Former SDP leader David Owen said he had donated to Labour to help it "rescue our NHS". Photograph: Getty Images.
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David Owen joins Miliband's big tent with donation to Labour of more than £7,500

With the former SDP leader, Tony Blair and Len McCluskey all backing his reforms, Miliband has built an impressively large coalition of support.

David Owen is so impressed by Ed Miliband's party reforms that he's donated more than £7,500 to Labour (the exact figure has not been announced but £7,500 is the legal threshold for declaration). As party treasurers estimate the cost of Miliband's reforms, it's money that will be gratefully received. Labour figures have long hoped that the former SDP leader, who has previously spoken of his admiration for Miliband (and is close to him and his strategist Stewart Wood), could be persuaded to rejoin the party. He hasn't (yet) - he will now sit as an "independent social democrat" rather than a crossbench peer in the House of Lords - but his decision to donate is still a significant endorsement of Miliband.

Owen's stated reason for giving money is to help Labour "rescue our NHS". He was one of the fiercest opponents of the coalition's health reforms (as a former GP) and warned in the New Statesman in 2011 that "[if] the Liberal Democrats cannot call a halt to or, at the very least, slow down, these ill-conceived health reforms they will no longer be able to claim to be the heirs of Beveridge" (they did not). He said last night:

This is a brave and bold reform ... and one I strenuously argued for as a Labour MP at the special conference on Saturday 25 January 1981. This very desirable change, nevertheless, threatens to weaken Labour's financial support at a critical time, when I and many others are hoping to see the party produce a plan for government from May next year to rescue our NHS. Saving the NHS is my main political priority, and I suspect that of many others.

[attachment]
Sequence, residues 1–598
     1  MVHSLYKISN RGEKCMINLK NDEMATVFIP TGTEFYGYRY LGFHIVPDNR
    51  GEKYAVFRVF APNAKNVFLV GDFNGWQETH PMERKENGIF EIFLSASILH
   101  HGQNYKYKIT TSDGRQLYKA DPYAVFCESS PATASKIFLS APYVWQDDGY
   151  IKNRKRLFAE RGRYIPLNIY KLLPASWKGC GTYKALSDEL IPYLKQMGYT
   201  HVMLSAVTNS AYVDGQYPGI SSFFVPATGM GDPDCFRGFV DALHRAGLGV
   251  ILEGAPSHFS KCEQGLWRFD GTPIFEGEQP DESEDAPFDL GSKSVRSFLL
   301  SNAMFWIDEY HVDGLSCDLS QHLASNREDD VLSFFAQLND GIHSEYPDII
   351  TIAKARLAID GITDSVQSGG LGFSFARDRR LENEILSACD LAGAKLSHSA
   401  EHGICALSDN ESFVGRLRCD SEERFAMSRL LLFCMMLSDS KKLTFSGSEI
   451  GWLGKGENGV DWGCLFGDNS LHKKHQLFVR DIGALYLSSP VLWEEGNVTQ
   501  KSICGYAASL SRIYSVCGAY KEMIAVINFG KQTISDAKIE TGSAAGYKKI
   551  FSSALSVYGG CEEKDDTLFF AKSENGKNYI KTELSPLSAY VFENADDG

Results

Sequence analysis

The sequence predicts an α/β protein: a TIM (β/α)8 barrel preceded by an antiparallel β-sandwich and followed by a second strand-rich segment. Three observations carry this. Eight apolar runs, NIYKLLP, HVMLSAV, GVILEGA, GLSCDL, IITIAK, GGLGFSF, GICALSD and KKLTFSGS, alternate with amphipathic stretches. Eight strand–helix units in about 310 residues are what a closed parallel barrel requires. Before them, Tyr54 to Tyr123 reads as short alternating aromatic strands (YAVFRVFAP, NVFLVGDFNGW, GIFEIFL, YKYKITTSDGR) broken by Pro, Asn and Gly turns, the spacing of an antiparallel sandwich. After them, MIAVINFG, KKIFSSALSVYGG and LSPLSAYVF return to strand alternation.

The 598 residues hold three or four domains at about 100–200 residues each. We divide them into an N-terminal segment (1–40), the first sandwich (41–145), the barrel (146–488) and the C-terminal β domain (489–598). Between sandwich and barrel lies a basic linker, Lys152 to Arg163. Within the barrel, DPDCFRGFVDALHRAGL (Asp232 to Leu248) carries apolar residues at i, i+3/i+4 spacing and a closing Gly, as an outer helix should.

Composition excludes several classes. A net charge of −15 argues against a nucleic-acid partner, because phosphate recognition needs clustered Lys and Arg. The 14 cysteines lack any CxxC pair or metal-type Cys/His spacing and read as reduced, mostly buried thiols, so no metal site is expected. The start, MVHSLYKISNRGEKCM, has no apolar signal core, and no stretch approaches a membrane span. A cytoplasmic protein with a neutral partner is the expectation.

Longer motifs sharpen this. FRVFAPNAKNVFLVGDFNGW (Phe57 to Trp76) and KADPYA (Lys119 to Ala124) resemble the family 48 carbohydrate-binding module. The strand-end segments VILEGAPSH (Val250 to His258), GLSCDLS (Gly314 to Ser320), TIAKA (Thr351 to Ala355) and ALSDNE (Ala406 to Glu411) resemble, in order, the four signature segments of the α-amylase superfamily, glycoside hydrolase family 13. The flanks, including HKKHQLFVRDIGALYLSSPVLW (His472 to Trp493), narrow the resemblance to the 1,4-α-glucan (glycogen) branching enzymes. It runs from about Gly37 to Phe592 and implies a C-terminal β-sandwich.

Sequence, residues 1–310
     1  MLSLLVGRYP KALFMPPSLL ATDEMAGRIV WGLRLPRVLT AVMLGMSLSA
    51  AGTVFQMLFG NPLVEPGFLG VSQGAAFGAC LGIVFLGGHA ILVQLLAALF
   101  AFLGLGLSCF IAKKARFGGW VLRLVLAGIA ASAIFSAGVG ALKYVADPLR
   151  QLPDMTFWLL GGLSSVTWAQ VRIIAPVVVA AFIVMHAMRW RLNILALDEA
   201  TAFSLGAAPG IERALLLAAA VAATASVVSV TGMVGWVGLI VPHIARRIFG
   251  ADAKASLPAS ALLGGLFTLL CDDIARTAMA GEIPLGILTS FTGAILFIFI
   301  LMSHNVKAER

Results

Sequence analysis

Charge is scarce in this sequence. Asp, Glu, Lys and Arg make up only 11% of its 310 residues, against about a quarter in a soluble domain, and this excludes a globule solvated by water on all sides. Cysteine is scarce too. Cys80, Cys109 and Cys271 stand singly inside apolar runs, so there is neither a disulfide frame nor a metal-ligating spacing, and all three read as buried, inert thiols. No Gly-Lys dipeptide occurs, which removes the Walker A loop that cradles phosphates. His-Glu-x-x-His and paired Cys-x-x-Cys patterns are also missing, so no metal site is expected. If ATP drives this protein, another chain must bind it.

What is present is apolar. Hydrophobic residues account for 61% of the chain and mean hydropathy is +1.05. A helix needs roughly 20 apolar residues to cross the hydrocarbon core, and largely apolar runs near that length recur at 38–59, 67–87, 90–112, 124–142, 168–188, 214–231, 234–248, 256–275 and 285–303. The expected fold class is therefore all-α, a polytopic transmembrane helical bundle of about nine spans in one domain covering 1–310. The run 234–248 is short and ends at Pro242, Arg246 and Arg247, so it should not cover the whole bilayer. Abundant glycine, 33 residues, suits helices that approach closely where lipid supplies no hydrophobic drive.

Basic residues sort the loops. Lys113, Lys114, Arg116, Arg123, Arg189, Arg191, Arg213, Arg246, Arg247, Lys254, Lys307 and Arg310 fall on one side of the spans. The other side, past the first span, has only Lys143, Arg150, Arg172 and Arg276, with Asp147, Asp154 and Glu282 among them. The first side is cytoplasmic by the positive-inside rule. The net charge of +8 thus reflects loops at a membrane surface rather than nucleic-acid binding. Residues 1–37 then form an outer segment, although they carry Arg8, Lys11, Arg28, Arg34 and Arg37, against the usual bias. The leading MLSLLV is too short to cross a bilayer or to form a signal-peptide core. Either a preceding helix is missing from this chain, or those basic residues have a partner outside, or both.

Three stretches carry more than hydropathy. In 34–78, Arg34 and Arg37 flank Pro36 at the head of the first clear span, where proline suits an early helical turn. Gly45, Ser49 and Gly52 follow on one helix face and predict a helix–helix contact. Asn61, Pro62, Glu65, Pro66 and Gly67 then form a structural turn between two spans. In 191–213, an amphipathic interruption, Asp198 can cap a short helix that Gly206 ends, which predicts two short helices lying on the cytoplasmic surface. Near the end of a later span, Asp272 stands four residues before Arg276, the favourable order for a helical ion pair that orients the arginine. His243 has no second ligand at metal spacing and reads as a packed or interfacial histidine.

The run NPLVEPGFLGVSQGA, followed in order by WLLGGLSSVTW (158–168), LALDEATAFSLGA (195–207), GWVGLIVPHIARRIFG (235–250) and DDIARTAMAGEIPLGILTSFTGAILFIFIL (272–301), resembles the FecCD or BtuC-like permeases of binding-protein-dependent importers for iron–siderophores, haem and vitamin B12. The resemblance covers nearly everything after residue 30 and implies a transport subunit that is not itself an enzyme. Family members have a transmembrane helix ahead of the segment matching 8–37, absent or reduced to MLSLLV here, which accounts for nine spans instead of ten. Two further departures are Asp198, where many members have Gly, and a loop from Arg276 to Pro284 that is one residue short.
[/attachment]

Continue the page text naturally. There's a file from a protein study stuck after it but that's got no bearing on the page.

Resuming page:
To help Labour reverse the 2012 NHS legislation without yet another major reorganisation, I have made a declarable contribution of over £7,500 to Labour funds. Unless there is a change of government, the NHS in England will be completely destroyed by 2020.

In response, Miliband said:

Today Labour has come together and shown the courage needed to change our party. The reforms agreed today are supported across the party, by trade union general secretaries, grassroots activists and former prime ministers.

In the 80s and 90s these reforms were seen as impossible but there is broad consensus within the Labour Party that change must happen. That is testament to how far we have come as a movement.

Lord Owen’s support today is welcome. It is 33 years since he left our party and much has happened since. In our many conversations over the past few years, I have come to value his friendship and insight into politics. I value his support and respect his decision to remain an independent member of the House of Lords.